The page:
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How is the Red Sea crisis impacting global aluminium trade routes?

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The unrelenting spate of attacks on commercial vessels navigating through the Red Sea has sent shockwaves through the global aluminium market, causing massive disruptions in commodity trade routes. This crisis, the ever-escalating tensions, the knock-on supply chain issues, and the multifold rise in maritime shipping insurance premiums have forced a major reorganisation in the industry, with the ramifications reverberating across supply chains worldwide for end-products like automobiles and construction.

The attacks on commercial vessels navigating through the Red Sea have prompted some shipowners to opt for the longer and costlier route via Southern Africa instead of the Suez Canal and the Red Sea. The recent intensification of these attacks has heightened concerns, with tensions showing no signs of abating. This reluctance among shipowners has disrupted the flow of steel and aluminium into Europe, typically transiting through the Suez Canal, by 775,000 tonnes per month, equivalent to 9.3 million tonnes per year, as reported in some industry data.

What is going on in the Red Sea?

The Red Sea crisis is the name given to the ongoing series of attacks on commercial ships navigating one of the world’s most critical maritime routes – the Red Sea and the Bab-el-Mandeb strait. These attacks, predominantly by Iranian-backed Houthi rebels from Yemen, have heightened security concerns and disrupted the flow of trade between Europe and Asia.

The crisis has forced shipowners to reconsider the normal route through the Suez Canal, opting instead for the longer and costlier passage around the Cape of Good Hope in South Africa. This rerouting has greatly prolonged delivery times and shipping costs. Egypt has been particularly hit by the loss of transit fees from the Suez Canal.

The Red Sea is a volatile tinderbox of regional and global power struggles and sits near the heart of international trade and security architecture. The attacks have shown the vulnerability of global maritime routes and have, in turn, prompted a US-led coalition to conduct air and naval operations to safeguard shipping.

Implications for aluminium markets

The ramifications of these attacks are particularly pronounced in the aluminium market . The crisis has injected a new layer of uncertainty into an already uncertain environment, what with the recession in Europe, the Russia-Ukraine geopolitical crisis, spiralling energy costs, and rising tensions between China and Taiwan. With the shortest maritime route between Europe and Asia fraught with risks, markets are seeing a structural shift.

One of the immediate effects of the Red Sea crisis is the steep rise in freight costs and delays in aluminium shipments. Container freight has seen a sharp increase in rates, more than tripling in some cases. Rerouting vessels around the Cape of Good Hope adds weeks to delivery times, further complicating supply chain logistics. All of this translates to a sharp surge in aluminium prices (and thus the end products) at a time when the global economy can scarcely afford such issues.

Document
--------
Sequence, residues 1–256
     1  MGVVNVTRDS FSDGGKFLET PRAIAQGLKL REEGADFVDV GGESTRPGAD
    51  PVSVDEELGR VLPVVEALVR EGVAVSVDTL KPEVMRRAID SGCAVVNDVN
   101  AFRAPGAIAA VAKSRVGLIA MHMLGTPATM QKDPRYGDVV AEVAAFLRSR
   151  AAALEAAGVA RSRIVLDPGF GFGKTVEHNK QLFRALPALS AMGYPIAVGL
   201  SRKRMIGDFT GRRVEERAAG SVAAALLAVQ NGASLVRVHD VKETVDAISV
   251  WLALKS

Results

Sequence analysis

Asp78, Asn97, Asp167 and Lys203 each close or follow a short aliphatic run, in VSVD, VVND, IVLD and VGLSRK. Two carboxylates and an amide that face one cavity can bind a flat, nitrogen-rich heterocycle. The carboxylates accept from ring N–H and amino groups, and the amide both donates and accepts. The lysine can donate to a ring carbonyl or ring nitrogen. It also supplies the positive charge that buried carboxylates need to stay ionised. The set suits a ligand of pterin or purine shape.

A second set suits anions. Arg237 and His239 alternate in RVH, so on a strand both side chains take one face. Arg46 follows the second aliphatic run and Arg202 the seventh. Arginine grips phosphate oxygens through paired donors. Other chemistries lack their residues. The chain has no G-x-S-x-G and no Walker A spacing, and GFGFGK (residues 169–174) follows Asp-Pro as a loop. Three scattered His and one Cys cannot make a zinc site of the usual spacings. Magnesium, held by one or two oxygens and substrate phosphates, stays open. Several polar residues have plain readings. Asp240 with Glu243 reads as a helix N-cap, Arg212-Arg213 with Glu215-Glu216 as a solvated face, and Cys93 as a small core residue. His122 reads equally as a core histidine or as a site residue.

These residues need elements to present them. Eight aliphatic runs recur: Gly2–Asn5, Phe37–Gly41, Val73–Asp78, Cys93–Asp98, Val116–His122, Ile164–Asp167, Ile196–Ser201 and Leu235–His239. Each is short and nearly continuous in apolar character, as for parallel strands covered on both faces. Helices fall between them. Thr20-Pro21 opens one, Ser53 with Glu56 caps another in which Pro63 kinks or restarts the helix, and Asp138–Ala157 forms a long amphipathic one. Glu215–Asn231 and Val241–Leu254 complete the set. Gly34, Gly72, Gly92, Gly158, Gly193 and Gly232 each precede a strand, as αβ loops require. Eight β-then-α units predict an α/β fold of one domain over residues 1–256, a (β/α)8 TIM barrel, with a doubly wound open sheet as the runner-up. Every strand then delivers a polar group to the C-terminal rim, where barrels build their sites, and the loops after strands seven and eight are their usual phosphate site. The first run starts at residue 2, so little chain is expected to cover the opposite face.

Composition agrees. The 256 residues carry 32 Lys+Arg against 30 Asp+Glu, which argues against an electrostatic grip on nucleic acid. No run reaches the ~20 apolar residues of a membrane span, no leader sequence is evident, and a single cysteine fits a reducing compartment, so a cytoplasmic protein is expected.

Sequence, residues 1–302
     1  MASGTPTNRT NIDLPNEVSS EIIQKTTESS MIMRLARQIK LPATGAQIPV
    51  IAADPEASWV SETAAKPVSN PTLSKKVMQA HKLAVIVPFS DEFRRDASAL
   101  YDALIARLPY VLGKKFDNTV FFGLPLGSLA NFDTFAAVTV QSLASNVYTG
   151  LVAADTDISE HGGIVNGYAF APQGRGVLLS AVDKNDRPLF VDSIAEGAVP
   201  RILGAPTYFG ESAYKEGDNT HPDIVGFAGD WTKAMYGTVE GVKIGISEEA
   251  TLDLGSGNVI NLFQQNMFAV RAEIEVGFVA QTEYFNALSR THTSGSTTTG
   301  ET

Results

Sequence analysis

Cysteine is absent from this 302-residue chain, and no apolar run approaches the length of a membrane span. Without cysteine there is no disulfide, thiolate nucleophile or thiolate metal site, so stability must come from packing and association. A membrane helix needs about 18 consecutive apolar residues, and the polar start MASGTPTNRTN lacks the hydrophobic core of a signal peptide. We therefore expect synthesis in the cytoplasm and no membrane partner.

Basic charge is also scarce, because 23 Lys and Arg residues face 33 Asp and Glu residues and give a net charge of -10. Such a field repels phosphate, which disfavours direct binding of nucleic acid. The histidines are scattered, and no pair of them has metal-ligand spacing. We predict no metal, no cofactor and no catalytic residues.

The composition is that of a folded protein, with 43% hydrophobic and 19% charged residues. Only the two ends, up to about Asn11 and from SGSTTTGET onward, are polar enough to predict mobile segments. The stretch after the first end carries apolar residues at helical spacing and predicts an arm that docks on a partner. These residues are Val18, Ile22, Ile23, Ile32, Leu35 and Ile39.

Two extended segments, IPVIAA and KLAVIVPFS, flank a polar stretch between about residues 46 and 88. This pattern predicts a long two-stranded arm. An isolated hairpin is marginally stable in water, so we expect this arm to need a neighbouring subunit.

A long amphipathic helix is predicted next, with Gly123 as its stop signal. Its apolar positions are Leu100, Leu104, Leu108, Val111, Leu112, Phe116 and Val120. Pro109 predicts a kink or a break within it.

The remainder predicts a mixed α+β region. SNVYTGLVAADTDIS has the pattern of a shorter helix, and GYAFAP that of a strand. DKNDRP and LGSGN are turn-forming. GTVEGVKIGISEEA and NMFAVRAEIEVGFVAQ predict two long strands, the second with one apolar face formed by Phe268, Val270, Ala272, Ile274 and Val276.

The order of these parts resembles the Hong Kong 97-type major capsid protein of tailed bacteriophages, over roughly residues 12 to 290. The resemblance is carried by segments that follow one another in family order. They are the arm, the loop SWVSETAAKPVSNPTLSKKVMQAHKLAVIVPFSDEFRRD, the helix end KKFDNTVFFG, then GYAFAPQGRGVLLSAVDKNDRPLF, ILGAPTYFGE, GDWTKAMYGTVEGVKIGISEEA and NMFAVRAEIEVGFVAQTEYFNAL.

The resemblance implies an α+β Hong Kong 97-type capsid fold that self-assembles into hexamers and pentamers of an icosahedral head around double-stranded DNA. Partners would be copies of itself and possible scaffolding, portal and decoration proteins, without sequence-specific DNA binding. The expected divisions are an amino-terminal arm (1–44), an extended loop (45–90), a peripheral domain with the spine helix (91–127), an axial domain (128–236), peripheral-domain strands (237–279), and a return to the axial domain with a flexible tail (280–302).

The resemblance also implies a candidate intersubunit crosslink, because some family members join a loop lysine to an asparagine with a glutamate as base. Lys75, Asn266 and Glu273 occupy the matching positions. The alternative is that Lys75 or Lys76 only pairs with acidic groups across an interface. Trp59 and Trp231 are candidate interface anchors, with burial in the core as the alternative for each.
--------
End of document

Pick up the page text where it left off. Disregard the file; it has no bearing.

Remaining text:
The disruptions in the Red Sea have thus reverberated in the aluminium premiums market. Premiums in Rotterdam, a key hub for aluminium trade, have surged by 10-15 per cent since early December, following a long period of decline. This uptick shows the market’s sensitivity to supply uncertainties.

Europe’s aluminium production challenge

For Europe, which is heavily reliant on aluminium imports and facing constrained nearby supply, the crisis poses a major challenge. The continent’s aluminium production capacity has dwindled in recent years because of soaring energy costs and geopolitical tensions. Of course, the root of a lot of these issues is the geopolitical crisis, that has disabled the cheap gas supply to Europe.

With these supply disruptions and other logistical hurdles mounting, European industries are grappling with the prospect of higher input costs and supply constraints, right at a time when the leadership speaks of the need to remilitarise, support the green transition, and supply Ukraine, all of which would require massive amounts of aluminium.

Industry leaders are thus being confronted with a complex set of challenges. Balancing the need for supply chain resilience with escalating geopolitical risks requires a totally new approach. From diversifying supply to improving logistical ‘hardness’, adaptations are needed to mitigate the impact of the disruptions and safeguard the stability of aluminium markets. In response to this, some companies have announced plans to move production closer to bauxite sources, end markets, or to countries without much geopolitical risk.

With the Red Sea Crisis expected to continue without an end in sight, the outlook for the aluminium market is shrouded in uncertainty. This uncertainty in itself will have a negative effect on costs and demand.

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